Even the monetary wonks who pull the magic money levers and decide to inflate or deflate asset bubbles are fed up with the red hot housing market.
On Thursday, Fed Governor Christopher Waller told an audience at the “Recent Fiscal and Monetary Policy: Implications for U.S. and Israeli Real Estate Markets” conference that his home search in the Washington Metropolitan Area wasn’t going well because of low inventory and high prices.
“As we all know, a singular feature of the U.S. expansion since the COVID-19 recession has been the red-hot housing market.
“Trust me, I know it is red hot because I am trying to buy a house here in Washington and the market is crazy. Both house prices and rents are up significantly across the nation, while vacancy rates for rented and owner-occupied homes are down,” Waller said.
Waller is competing in the D.C. market, where home prices are up 20% since the virus pandemic. Inventory is extremely tight, which has pushed some buyers into areas outside the Capital Beltway and into Maryland and Virginia.
The boom in housing prices is a combination of an ultra-aggressive dovish fed policy by slamming interest rates to the floor, panic buying hundreds of billions of dollars of mortgage-backed securities, and tight housing inventory, driving prices sky-high.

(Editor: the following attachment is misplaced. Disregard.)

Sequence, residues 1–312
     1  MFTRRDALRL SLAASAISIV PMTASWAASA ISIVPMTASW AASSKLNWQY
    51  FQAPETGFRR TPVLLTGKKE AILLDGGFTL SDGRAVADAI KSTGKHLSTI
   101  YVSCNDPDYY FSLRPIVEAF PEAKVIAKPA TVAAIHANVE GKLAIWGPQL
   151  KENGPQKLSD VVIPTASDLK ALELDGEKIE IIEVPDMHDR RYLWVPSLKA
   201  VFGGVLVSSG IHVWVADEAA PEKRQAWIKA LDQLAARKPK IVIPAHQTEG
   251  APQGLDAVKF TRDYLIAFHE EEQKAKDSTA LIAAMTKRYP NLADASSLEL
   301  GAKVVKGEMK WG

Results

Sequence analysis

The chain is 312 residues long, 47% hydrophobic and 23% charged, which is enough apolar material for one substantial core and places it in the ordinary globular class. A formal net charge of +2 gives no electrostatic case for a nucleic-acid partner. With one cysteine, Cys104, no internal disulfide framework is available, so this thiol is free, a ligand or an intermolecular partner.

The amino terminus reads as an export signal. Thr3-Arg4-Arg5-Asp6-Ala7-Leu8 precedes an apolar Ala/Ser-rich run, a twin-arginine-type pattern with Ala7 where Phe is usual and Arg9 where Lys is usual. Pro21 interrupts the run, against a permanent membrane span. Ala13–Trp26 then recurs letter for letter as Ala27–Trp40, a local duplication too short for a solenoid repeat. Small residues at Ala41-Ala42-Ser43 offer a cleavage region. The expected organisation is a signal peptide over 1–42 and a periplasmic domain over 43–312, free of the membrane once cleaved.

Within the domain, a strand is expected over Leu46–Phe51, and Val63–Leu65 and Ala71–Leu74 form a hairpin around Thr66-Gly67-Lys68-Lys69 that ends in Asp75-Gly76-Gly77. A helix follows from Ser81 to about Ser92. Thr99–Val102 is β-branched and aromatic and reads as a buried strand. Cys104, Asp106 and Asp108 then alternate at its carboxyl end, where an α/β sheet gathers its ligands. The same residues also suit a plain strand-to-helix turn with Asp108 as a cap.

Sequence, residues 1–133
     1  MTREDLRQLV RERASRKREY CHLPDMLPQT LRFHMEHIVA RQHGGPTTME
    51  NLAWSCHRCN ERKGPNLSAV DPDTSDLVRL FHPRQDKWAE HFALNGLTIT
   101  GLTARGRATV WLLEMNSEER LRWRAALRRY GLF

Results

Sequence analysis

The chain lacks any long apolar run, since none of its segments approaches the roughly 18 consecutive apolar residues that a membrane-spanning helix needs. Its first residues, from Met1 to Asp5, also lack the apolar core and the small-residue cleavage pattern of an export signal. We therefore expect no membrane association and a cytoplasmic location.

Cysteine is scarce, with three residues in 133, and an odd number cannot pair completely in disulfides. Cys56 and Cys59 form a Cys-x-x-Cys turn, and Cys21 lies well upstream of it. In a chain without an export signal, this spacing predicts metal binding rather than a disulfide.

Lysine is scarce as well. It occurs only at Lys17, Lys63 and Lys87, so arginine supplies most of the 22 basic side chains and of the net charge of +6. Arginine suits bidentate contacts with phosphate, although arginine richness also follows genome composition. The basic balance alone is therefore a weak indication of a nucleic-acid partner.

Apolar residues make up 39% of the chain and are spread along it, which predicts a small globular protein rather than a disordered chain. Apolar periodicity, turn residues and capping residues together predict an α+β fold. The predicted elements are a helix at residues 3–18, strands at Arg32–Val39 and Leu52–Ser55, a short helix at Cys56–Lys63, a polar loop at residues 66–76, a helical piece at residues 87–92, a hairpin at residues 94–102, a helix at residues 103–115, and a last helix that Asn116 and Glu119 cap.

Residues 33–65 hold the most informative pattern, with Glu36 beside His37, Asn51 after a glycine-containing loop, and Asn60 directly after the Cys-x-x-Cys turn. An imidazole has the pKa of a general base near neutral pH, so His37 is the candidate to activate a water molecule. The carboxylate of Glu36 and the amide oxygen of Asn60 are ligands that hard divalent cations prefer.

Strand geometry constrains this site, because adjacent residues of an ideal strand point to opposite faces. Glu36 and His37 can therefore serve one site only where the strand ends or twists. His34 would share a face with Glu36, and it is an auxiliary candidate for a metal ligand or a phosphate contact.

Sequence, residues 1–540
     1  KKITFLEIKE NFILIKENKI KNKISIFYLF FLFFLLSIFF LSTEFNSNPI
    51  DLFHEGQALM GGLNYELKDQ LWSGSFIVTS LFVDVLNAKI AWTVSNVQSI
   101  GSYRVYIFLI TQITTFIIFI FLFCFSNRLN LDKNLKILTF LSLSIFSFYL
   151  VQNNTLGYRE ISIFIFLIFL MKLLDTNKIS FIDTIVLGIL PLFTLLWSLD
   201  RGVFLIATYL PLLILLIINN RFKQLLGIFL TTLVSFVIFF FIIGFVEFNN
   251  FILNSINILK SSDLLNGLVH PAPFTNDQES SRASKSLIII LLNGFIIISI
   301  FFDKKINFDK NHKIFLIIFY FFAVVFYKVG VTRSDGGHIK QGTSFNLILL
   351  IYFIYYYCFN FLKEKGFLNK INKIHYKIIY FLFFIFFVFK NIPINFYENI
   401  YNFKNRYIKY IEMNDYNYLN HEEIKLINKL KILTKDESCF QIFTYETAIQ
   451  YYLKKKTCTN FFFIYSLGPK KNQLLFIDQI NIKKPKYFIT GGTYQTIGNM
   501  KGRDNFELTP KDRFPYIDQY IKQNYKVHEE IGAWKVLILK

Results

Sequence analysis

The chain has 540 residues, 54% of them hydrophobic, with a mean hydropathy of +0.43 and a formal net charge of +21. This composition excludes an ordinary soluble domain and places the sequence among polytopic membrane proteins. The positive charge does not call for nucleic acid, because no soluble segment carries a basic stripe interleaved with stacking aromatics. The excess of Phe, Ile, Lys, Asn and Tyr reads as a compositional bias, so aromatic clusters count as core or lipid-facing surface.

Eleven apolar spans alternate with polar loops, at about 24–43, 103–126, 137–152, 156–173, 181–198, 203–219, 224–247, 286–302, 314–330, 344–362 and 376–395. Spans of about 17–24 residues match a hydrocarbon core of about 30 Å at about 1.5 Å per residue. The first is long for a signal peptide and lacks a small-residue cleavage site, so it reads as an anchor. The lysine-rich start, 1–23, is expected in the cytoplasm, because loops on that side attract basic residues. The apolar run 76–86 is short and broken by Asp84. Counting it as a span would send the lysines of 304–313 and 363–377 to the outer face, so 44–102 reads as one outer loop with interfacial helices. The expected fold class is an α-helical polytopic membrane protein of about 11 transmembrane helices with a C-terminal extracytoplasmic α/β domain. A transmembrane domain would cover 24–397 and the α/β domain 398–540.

Waller has been on the hawkish side of things as the Fed began last week’s rate hiking cycle. He told CNBC last Friday, “I really favor front-loading our rate hikes, that we need to do more withdrawal of accommodation now if we want to have an impact on inflation later this year and next year.”
Fed members have been overly hawkish as inflation soars to four-decade highs and asset prices across the board are considered ‘elevated.’ Rate traders are pricing in at least 7.8 hikes through the end of this year with an implied rate of about 1.96%. 30Y mortgage rates have risen to 4.42% this year after beginning the year, around 3.30%.
The 3-month change in 30Y mortgage rates has been one of the fastest up moves on record, making the case a housing affordability crisis is nearing.
The good news for Waller is that housing demand is about to fall off a cliff, especially in a recession/stagflation. The bad news is BofA’s latest housing market note shows an ugly picture: one of the biggest challenges in the housing market has been dwindling supply, which has reached new record lows.
Given these extraordinary supply challenges, BofA expects home prices to stay hot this year despite plunging housing affordability. Waller might have to wait another year as the housing market has its last hurrah until prices slump.
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